David and his firm charge performance-based fees. This is a highly notorious practice in the finance industry because it incentivizes the advisor to put his clients at additional risk. 

When a wealth advisor charges performance-based fees, they make money only when they outperform a certain index. On paper, this might seem like a good deal. But in reality, it’s terrible for most investors. Why? 

Because the simplest way to “outperform” an index or another benchmark is to use a riskier strategy. 

So, advisors start using high-risk strategies which are unsuitable for most portfolio types. However, they are particularly dangerous for portfolios looking for long-term growth or those with low risk tolerance. 

High-risk strategies are also more dangerous during down markets. They can wipe out significant chunks of your capital in volatile conditions and they rarely generate positive returns for the investor. 

Furthermore, if you lose capital because of your advisor’s recommended risky strategies, you can’t do anything about it. 

Charging Hidden Fees

Another red flag in David’s disclosures is that his firm can charge hidden fees. They do so by charging a highly notorious fee, the 12b-1 fee.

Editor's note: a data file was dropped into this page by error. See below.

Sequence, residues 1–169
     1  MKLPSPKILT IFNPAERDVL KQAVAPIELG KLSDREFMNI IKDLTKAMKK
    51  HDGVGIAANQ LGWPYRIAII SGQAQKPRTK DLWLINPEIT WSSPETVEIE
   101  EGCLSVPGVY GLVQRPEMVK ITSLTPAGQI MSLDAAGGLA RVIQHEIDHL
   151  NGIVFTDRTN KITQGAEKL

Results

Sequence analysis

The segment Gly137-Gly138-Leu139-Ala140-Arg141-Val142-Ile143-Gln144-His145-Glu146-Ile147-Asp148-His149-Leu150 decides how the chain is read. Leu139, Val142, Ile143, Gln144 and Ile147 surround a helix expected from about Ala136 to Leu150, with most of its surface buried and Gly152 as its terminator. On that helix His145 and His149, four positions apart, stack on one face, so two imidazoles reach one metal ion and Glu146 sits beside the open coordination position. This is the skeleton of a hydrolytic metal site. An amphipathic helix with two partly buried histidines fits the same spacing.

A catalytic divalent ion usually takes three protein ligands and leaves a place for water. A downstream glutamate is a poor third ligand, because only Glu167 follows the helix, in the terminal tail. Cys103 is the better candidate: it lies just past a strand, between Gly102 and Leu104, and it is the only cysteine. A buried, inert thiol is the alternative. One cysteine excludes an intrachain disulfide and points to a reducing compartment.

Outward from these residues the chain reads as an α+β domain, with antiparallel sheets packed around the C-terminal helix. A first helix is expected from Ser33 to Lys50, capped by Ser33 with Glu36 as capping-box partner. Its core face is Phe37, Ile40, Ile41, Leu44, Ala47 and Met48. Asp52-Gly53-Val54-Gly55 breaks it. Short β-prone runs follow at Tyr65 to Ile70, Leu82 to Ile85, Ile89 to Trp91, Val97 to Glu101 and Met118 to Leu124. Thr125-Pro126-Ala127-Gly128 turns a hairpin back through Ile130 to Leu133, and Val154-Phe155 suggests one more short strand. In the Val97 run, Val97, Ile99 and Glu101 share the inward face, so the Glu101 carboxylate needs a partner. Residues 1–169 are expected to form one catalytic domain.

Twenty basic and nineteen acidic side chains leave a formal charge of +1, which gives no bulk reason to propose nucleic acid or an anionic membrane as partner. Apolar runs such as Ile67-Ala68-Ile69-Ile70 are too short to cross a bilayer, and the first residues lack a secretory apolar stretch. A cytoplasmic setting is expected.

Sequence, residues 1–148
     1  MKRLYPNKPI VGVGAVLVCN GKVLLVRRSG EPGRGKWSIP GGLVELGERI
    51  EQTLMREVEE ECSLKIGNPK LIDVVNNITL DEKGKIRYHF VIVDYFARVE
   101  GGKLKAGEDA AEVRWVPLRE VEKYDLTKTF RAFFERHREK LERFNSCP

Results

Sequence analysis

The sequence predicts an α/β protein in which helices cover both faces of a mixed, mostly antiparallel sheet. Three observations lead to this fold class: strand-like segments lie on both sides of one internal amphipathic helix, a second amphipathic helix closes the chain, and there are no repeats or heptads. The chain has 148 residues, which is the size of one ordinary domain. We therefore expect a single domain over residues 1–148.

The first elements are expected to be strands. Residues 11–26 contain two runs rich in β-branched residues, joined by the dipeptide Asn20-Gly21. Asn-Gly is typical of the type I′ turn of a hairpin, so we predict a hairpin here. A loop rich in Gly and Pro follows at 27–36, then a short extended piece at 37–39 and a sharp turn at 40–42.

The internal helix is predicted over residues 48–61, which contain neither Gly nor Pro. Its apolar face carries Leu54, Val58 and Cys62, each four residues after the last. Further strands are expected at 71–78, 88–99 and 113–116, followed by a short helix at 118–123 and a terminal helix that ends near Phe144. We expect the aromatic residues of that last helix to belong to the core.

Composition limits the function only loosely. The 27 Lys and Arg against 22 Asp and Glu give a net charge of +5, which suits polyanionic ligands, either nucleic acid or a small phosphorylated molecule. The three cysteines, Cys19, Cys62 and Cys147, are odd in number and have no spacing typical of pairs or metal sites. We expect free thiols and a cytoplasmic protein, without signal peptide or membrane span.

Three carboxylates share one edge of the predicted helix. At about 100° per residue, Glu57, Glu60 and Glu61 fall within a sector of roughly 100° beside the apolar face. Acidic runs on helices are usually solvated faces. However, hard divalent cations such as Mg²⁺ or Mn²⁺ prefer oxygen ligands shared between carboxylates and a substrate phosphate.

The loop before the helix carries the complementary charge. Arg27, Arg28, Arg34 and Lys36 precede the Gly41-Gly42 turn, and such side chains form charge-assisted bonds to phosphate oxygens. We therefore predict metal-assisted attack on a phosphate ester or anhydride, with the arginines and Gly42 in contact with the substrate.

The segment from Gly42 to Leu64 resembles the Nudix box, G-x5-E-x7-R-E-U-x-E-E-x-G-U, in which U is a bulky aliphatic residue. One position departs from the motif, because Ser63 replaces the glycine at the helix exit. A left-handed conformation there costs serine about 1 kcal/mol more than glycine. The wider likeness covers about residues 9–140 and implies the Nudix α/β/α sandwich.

It’s a variable percentage fee and shady advisors use it to inflate the investment costs of their clients. Because this fee goes straight into the pocket of the advisor, many of them ensure to add it to their client’s costs. 

Apart from allowing a broker to charge hidden fees, the 12b-1 fee also increases over time. This makes it unsuitable for investors looking for long-term investment plans. Even though it increases the cost of the investment, it doesn’t add any value to it. 

Investments that charge 12b-1 fee offer the same returns the investments that don’t charge this fee offer. So, you end up paying more while getting no benefits for the added cost. 

Conclusion

David Wilkinson Morgan Stanley might claim to be an excellent wealth advisor but he is untrustworthy. It seems he uses his industry experience to trap investors in unfavorable agreements. 

Unless you want to pay extra fees for getting no benefits and face unnecessarily high risks, it would be best to avoid dealing with David and his firm. 

2.4 Total Score
Horrible

David Wilkinson Morgan Stanley is a greedy and sleazy wealth advisor who disregards his clients’ requirements to make an extra buck. Hence, it would be best to find a different advisor.

2.5Expert Score
Trust
3
Experience
2
Service
2.5
Concern for Clients
2.5
2.2User's score
Trust
2
Experience
3
Service
2
Concern for Clients
2
PROS
  • None
CONS
  • Faced a $1 million+ dispute
  • Putting clients at excessive risk
  • Charging hidden fees
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1 Comment
  1. 1.1
    Trust
    20
    Experience
    30
    Service
    20
    Concern for Clients
    20

    It’s a terrible place to work at. Toxic workplace and poor management.

    - CONS: Horrible leadership
    Helpful(0) Unhelpful(0)You have already voted this